Should Stores Start Taking Customers' Temperatures?
Should stores start taking customers' temperatures to help prevent the spread of coronavirus?
by Countable | 4.13.20
What's the story?
- Grocery stores and pharmacies are considering taking customers' temperatures before they enter as a way of determining who may be showing signs of coronavirus.
- “If they decided to roll such a program to their workers, under the assumption that it would prevent infected individuals from being at their stores, I do not see a reason why that wouldn’t be rolled out to customers as well,” said Dr. Luciana Borio, former director for medical and biodefense preparedness at the National Security Council under President Donald Trump and former acting chief scientist at the FDA.
“Even a modest benefit can be of value when our public health options are so limited in the absence of diagnostic tests, capacity for large scale contact tracing or a vaccine.”
Employees already being tested
- Walmart will begin taking the temperature of all employees when they report to work.
- Home Depot is providing its employees with thermometers and asking them to check for fevers at home. Similarly, Starbucks is sending thermometers to stores and asking employees to undergo voluntary self-monitoring.
- At Amazon, including its Whole Foods stores, "anyone registering a temperature over the CDC-recommended 100.4F will be asked to return home and only come back to work after they've gone three days without a fever," the company said in a blog post last week.
What is the response to taking customers' temps?
- Matthew Freeman, associate professor of environmental health and epidemiology at Emory University's Rollins School of Public Health, told CNN that it:
"[M]akes sense for businesses to take the temperatures of shoppers to protect employees and patrons, but what would be the response if someone did indeed have a fever? A plan of action is critical."
- Few stores are taking customers' temperatures in the U.S., but one, City Farmers Market in Atlanta, has embraced the effort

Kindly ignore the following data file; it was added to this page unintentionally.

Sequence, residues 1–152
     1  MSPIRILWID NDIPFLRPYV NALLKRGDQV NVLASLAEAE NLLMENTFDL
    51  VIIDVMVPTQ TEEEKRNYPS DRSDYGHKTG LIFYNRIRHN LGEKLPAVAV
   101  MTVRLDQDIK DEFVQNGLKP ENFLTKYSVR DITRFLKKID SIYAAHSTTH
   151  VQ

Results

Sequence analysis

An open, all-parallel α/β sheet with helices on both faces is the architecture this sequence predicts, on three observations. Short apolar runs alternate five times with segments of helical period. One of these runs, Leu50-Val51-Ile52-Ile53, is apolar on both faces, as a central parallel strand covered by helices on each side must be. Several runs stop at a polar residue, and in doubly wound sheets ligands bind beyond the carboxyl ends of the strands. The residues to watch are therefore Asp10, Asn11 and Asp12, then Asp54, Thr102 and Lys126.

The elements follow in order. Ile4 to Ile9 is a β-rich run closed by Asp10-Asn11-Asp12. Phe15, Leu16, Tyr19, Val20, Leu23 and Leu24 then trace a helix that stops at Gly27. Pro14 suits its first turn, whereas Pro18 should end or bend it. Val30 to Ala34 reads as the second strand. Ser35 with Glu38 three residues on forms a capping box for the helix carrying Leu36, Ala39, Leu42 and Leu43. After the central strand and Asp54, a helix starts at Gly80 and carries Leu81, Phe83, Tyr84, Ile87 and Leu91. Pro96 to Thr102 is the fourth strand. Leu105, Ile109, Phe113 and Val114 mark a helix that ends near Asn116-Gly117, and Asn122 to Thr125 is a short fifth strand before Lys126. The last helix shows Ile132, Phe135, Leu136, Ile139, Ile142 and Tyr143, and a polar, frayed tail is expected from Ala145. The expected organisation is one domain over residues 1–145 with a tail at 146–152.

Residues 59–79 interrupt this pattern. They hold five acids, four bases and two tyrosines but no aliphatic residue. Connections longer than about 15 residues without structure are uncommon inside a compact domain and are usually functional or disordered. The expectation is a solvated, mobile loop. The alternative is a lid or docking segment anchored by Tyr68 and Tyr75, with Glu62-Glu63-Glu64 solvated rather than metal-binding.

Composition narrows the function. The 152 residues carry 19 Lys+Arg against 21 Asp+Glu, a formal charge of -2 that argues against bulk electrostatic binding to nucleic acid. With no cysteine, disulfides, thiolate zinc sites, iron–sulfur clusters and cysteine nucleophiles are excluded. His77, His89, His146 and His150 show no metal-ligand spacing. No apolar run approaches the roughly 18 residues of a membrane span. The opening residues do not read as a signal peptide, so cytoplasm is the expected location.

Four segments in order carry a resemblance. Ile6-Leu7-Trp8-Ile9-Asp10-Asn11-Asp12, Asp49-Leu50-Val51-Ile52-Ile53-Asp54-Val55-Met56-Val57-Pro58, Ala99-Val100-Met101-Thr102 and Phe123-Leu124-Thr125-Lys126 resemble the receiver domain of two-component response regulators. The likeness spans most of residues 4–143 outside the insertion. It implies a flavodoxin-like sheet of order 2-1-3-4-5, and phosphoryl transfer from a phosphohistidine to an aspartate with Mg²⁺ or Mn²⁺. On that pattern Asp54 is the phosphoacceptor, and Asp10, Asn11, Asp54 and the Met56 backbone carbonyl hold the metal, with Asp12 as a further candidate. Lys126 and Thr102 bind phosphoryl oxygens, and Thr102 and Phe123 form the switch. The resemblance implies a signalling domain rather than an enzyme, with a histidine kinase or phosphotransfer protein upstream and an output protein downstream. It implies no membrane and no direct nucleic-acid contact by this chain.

- "To protect our customers, employees and community, we will begin screening for temperature using non-invasive thermal cameras at our entrances," they announced.
- Anyone with temperature of 100.4 or higher "will be discreetly informed by a trained member of our staff, and we will find an alternative for your shopping."
- The Equal Employment Opportunity Commission has said companies can take employees’ temperatures or ask if they have symptoms of COVID-19, such as a cough or shortness of breath, to protect against the "community spread" of the coronavirus.
What do you think?
Should stories start taking customers' temperatures? Would you allow a store to take yours? Are wellness checks going to be the new normal moving forward? Take action above, then share your thoughts below.
(Photo Credit: iStock / PeopleImages)
Beirut Explosions: Here's How To HelpAt least 135 people are dead and 5,000 wounded following a massive explosion in Lebanon's capital Beirut. The city is decimated
by Countable | 8.5.20
President Trump Signs Bipartisan Bill to Address Public Lands Maintenance BacklogWhat’s the story? At a White House ceremony on Tuesday morning, President Donald Trump signed the Great American Outdoors Act
by Countable | 8.4.20
Should Mail-In Ballots Returned Without Signatures or Postmarks Be Counted?What’s the story? On June 23, 2020, New York held statewide elections in which voters were all sent absentee ballots in an
by Countable | 8.4.20